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3 About the Camera's Perspective
Before You Begin
1 Walk Through a Digital Video Production
2 Plan Your Video
4 About Your Video's Audience
Your camera sees the world differently from the way you see the world. The camera's peripheral vision is more limited. Begin looking at your subject matter from the camera's viewpoint. By doing this, your videos will more accurately reflect what you want them to portray. By limiting the peripheral vision, your video might need more panning to capture a scene's contextual meaning. For example, a flag waving amid tombstones in a cemetery portrays a much different effect from a flag waving atop a baseball stadium. Unless you pan or zoom out from the flag, your camera will catch only the flag, and its context will be lost.
The camera's eye sees less peripherally than you do.
You'll quickly learn, especially when you're trying to tell a story, as you'd do in a movie or when creating an instructional or sales video, that small improvements in the way you film will greatly enhance the look of your production. Although you can read about shooting effectively, it will be the school of hard knocks that really drills proper video techniques into your head.
For example, jump cuts often occur in amateur films . The producer might not even notice that a jump cut occurred. Even the audience might not notice it ”consciously. Unconsciously, a sloppy jump cut can break the flow of the movie. You'll want to stay alert to ensure that a person's position in one shot matches the same position in the next shot if you want to eliminate jump cuts in your movies. If you're shooting live action taking place in front of you, you won't be able to eliminate jump cuts, but if you're in control of the subject matter, teach your subjects to keep their hands and bodies in the same position from shot to shot if you must take multiple shots in the same scene.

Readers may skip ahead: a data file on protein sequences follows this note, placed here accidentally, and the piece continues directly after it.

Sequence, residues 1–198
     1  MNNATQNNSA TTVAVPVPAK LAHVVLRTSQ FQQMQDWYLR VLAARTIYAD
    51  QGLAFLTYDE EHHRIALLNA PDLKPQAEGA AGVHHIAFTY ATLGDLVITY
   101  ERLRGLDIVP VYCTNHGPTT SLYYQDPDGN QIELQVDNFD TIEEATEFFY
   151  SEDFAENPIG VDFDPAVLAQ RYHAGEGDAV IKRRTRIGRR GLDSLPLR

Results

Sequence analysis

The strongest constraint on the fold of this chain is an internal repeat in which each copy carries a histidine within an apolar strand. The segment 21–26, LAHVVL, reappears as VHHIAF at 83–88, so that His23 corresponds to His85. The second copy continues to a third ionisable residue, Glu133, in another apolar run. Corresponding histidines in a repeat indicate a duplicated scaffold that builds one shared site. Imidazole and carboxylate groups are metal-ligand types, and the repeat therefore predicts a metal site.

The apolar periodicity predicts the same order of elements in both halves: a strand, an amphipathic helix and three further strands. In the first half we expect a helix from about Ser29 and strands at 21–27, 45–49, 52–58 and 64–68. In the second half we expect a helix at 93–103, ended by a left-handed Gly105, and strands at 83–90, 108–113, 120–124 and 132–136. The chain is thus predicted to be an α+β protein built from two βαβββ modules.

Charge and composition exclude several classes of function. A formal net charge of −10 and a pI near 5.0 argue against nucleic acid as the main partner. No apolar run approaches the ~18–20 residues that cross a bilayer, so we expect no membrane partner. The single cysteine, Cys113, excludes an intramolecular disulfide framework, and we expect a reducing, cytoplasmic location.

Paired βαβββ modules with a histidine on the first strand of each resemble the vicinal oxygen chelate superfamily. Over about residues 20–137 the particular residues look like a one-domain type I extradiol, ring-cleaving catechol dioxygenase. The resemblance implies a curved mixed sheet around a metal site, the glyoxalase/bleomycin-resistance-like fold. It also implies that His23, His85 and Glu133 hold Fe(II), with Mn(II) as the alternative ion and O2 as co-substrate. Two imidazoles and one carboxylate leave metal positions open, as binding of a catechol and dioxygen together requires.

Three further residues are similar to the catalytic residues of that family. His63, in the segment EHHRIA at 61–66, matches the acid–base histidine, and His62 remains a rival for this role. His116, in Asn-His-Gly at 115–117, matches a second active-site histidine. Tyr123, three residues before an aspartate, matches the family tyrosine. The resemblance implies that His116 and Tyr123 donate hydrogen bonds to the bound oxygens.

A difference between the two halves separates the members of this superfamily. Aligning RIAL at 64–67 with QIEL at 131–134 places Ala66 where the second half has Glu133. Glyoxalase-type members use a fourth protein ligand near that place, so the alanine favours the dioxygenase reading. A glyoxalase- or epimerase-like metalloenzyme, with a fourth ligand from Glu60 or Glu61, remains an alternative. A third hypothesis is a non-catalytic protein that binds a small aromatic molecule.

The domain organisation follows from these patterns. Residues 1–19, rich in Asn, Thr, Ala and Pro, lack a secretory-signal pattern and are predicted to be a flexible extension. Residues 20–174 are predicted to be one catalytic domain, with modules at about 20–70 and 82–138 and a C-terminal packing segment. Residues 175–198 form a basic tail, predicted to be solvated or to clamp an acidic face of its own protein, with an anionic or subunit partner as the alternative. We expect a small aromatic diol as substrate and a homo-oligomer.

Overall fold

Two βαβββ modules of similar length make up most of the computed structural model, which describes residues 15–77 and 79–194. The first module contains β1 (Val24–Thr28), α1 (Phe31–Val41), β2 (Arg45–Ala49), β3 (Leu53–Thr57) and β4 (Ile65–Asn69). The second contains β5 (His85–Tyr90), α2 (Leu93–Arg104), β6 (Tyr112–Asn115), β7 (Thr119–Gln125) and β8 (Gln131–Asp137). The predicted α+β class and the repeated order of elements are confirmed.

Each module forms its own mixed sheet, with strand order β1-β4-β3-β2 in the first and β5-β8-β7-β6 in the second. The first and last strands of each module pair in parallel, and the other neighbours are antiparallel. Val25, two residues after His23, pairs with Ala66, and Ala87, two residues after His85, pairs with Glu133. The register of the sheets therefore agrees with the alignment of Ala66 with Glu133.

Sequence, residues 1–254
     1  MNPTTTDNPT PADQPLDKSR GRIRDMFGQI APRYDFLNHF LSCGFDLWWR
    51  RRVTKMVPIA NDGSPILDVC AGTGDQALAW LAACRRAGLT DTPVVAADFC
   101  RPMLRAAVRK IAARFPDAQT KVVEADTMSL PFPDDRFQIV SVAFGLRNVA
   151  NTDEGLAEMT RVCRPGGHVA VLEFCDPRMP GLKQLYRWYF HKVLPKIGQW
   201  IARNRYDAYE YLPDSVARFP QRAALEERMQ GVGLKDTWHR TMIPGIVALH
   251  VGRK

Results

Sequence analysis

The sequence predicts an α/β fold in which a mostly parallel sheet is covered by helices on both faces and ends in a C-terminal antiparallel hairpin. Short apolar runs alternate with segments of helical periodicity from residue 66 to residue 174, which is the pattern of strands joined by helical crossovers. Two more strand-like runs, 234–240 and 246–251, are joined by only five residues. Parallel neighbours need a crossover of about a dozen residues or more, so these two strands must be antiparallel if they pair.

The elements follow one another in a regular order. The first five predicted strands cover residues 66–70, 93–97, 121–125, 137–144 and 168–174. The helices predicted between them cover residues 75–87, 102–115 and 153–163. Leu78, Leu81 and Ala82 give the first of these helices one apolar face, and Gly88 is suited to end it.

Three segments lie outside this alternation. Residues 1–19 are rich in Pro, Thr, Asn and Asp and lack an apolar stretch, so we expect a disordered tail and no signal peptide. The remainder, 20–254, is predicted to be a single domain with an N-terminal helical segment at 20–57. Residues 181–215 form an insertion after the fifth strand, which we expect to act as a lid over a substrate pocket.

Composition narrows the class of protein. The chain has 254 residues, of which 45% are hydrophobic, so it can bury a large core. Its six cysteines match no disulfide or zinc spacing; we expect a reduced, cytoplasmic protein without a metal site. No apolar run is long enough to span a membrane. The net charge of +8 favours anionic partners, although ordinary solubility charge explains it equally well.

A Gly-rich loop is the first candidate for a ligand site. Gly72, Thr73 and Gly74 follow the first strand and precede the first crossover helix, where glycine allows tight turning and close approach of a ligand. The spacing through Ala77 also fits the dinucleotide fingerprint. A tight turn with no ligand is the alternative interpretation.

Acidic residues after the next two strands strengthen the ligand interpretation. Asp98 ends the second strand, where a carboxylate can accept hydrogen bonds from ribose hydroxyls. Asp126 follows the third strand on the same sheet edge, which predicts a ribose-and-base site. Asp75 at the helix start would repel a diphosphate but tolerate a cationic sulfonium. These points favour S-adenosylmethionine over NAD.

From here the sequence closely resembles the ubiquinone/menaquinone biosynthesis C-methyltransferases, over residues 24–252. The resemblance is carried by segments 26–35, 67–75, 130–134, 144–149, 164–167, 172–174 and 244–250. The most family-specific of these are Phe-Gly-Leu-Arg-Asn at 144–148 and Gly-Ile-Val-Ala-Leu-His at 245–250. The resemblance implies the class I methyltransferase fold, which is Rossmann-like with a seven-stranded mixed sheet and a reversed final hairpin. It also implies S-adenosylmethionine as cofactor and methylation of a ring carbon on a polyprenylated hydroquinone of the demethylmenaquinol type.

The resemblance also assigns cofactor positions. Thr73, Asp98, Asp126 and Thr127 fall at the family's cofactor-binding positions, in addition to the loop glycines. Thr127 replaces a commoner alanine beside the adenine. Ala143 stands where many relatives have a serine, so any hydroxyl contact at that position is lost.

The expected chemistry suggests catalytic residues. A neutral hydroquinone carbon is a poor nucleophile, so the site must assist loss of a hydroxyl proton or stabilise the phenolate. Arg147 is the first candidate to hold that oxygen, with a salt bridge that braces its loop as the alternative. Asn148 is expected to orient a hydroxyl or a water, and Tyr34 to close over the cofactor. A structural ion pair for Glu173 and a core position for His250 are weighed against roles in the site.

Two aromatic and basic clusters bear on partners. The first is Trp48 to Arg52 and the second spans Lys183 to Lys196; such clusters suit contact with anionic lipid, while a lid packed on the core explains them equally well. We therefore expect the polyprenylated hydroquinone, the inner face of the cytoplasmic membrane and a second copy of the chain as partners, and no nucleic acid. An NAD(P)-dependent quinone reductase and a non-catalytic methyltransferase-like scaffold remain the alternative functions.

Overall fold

Jump cuts in audio can occur as well as in video, so make sure the sound levels and surrounding noise don't differ too much from shot to shot within the same scene's time period.
The subjects' positions changed too much between shots because of the jump cut.
Panning is used conservatively in most movies and television shows. The pros don't move their camera often, and neither should you ( see 5 About Reducing Motion and Relying on Your Subjects ). In addition, one of the common mistakes video camera owners make is zooming too much ( see 11 Zoom Effectively ). In some home movie videos, the camera is constantly zooming in and out. The end result is the audience must focus on where the zoom is taking them next versus the scene itself. The ride on which lots of excessive zooming takes an audience is not a good one.
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